The diminished triad consists of a 1, b3, and b5. To make a m7b5 we just add one more note.
The table below shows how to build this chord starting with B as a root note.
When to use Locrian
We've spent a lot of time talking about the difficulties of Locrian, but there are certain genres that gravitate toward its sound.
Thrash metal players love the Locrian mode for its unforgiving nature. The sense of harmonic tension can be a powerful tool for crafting brutal riffs that never let up.
Jazz guitarists also enjoy the challenge of taming Locrian. Finding interesting ways to make Locrian work is a theoretical brain-teaser – hours of face-scrunching fun.
When not to use Locrian
Let’s be totally honest. In most musical situations, Locrian isn’t getting invited to the party. But that doesn’t mean we shouldn’t hang out once in a while!
Locrian exercises for guitar
Like all modes, you need to get familiar with the sound of each interval and the sequence of notes as a whole.
Internalize the mode
This is about taking the time to learn the unique relationship each scale degree has with the tonic.
- Take your time to play through the scale.
- Use a drone note of the tonic to give yourself a solid reference point.
- Try to zone in on the quality of each note, specifically the amount of tension – where is it pulling you?
Sing the mode
Let’s take off the training wheels. You don’t need a great voice for this, we just want to know the scale without relying on the guitar to provide the notes.
- Again we need a reference point – strumming the I chord or a power chord of the tonic is fine.
- Now use your voice to either hum, sing, or whistle the mode.
- It can also be helpful to say the intervals as you sing them, e.g. “1, b2, b3, 4”.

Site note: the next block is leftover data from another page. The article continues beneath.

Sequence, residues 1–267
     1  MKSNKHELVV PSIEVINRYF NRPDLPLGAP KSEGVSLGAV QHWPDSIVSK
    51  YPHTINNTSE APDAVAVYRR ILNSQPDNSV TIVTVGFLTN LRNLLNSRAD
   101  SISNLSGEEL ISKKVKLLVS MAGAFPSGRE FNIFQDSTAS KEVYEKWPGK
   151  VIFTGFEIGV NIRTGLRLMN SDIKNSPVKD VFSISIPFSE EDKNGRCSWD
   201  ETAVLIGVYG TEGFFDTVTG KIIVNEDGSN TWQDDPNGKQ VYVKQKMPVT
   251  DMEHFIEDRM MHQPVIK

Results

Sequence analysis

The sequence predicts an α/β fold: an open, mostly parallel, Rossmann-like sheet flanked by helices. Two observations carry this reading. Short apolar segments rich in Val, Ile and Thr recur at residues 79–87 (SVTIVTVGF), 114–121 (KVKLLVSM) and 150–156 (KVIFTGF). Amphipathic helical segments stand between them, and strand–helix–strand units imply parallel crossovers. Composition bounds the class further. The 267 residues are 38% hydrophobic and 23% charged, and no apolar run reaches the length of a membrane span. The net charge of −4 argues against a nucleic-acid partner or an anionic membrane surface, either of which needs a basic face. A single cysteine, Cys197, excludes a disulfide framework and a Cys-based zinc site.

As you get more confident, challenge yourself by singing the notes out of order or even singing arpeggios from within the mode.
Locrian Jam tracks
Check out this backing track and see if you can navigate over the changes using Locrian.
We’re moving between:
- Cmin7b5 (Locrian) and;
- Bbmin7 (Aeolian)
- Both of these chords stem from the Db major scale.
You can play C Locrian over the Cm7b5 and the Bb Minor scale over the Bbm7.
Don’t get disheartened if you’re struggling to use this mode, it’s a tough one to get right. Just keep practicing and you’ll get the hang of it – we believe in you.
Check out the other articles in our modes series if you haven’t already. You’ve only got six more to go!
- Ionian mode (major scale)
- Aeolian mode (natural minor scale)
- Locrian mode
If you’re looking to take your modal playing and melodic soloing to a whole new level, check out our Soloing Learning Pathway. It features daily practice exercises (so you always know what to work on), guided jams, and opportunities to get personalized video feedback on your playing from professional guitarists.
We’re even offering a 14-day free trial so you can see how awesome our courses are without paying a penny!
Author: Richard Spooner